Danny Blu returns to the charts with his sophomore album “saint,” released in late February. Danny Blu, a New Jersey native who calls NYC home, created a buzz among indie music aficionados with his debut album Do Your Worst. Danny Blu has a strong presence in the LGBTQ community with his message of self acceptance and advocacy for LGBTQ issues. The first single off Do Your Worst, “Set Me On Fire” and its accompanying video, set the tone for the Danny Blu aesthetic. Danny is reminiscent of other DIY artists like Tying Tiffany or The Sexbots who have a strong visual arts background and are part performance artist and part musician. And most importantly, don’t want to compromise their vision and personal connection with their fan base as their star rises.
Danny calls his particular brand of electro industrial combined with glam rock “industrial pop.” “saint” is an eclectic blend of tracks peppered with religious references. (Danny’s video for “Set Me On Fire” famously depicts the story of the persecution of Jesus as a metaphor for the oppression of misfits in a high school setting.) Danny explores issues like tolerance, hypocrisy, pain, love and sex that serve to provoke and leave the listener vaguely unsettled. Rock ballad “Asunder” and the almost hymnal sounding “Guilty” contrast to the rock out industrial stompers “As It Seems” and “Sebastian.” One of my favorite tracks is the “In The Dark (Faust Remix)” that takes an EDM direction with its danceable electronic sound. “Something to Believe In” is the kind of crossover track, like “Set Me On Fire” was on his first album, that would even be at home on commercial radio and will broaden his appeal.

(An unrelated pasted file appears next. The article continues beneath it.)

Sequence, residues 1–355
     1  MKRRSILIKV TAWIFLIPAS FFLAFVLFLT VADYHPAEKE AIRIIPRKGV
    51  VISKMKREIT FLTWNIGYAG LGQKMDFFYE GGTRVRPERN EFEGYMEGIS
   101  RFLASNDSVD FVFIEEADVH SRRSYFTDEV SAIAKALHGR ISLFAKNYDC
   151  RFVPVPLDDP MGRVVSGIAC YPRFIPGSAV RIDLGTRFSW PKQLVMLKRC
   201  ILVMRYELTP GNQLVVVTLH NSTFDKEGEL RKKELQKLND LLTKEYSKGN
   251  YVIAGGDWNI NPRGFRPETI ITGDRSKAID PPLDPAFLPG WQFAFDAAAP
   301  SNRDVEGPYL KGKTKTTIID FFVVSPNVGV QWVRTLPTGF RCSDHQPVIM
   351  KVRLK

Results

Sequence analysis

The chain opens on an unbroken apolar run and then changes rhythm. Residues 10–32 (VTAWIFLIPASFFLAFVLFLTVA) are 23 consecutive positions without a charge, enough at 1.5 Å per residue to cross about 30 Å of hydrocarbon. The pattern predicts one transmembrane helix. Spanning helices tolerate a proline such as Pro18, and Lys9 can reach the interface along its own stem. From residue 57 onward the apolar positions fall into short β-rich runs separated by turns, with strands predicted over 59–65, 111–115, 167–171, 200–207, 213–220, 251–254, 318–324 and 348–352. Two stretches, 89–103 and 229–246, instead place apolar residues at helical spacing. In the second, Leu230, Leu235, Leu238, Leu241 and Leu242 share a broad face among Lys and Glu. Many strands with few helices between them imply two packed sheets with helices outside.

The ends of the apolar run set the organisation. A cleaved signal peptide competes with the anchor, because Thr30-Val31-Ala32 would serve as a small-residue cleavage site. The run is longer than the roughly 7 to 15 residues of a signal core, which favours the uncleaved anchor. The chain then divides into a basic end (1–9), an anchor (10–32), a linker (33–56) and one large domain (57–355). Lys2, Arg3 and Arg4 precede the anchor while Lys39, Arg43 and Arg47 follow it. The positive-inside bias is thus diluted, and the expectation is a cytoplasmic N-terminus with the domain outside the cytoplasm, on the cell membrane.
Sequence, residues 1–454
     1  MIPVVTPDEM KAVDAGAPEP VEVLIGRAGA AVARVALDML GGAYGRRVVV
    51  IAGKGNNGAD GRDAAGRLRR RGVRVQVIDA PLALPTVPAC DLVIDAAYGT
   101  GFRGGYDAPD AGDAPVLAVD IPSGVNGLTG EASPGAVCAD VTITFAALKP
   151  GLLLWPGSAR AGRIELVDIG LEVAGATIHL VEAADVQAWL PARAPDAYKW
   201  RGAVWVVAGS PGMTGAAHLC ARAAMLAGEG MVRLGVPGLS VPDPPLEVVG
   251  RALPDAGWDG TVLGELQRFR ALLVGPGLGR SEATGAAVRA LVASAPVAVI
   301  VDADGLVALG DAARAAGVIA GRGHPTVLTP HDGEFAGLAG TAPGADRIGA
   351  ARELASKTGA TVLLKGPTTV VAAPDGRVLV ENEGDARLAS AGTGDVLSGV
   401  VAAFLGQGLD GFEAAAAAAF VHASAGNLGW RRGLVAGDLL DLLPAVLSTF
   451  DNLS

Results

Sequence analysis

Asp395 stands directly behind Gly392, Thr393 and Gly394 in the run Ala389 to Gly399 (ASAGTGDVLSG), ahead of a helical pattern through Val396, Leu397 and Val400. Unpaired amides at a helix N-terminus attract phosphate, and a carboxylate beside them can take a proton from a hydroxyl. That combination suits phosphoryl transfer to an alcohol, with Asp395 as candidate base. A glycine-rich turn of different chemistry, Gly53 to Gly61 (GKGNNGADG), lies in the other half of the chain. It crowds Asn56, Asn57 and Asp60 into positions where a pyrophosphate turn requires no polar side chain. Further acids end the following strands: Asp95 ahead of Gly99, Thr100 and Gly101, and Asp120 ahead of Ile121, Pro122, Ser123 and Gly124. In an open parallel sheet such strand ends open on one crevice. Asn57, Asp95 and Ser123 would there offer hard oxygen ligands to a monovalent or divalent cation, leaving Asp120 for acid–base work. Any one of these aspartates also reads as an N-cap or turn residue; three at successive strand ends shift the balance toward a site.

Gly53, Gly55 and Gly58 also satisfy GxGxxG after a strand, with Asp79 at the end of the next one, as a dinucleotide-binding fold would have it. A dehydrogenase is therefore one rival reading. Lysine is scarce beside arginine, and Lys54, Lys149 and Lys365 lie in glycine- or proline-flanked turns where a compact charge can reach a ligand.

I had the opportunity to interview Danny Blu a couple of times and learned about his passion project of anti-bullying. Danny Blu and The Factory Blu have been conducting a fundraising campaign called “The Road to Change” to aid in creating a film documentary and web series that will chronicle his visits to schools, community centers and LGBTQ organizations to speak with disenfranchised youths and coinciding with his North American Sanctuary Tour. Danny experienced bullying as a misfit teen and discovered music and the arts as a means of self expression and healing. The mantra that he calls The Gospel of Blu is “Live life without hate, without regret, and without fear of the freak within.”
While the North American Sanctuary Tour is fully funded, contributions to “The Road To Change” cover costs like crew, equipment and production. Those who have an interest in becoming what Danny likens to investment angels and saints can get information on indiegogo.com. At different donation levels, angels/saints can receive goodies ranging from CD’s and posters to a day in the recording studio and even an unplugged concert in your front yard. Organizations and businesses are welcome sponsors. Community groups and schools who are interested in hosting Danny to speak at their location about bullying can make that happen by getting in touch at thefactoryblu.com.